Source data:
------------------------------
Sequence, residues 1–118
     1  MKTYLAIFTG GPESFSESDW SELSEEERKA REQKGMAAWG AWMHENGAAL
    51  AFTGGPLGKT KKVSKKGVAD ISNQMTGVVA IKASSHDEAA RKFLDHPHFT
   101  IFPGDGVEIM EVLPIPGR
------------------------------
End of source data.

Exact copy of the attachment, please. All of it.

Sequence, residues 1–118
     1  MKTYLAIFTG GPESFSESDW SELSEEERKA REQKGMAAWG AWMHENGAAL
    51  AFTGGPLGKT KKVSKKGVAD ISNQMTGVVA IKASSHDEAA RKFLDHPHFT
   101  IFPGDGVEIM EVLPIPGR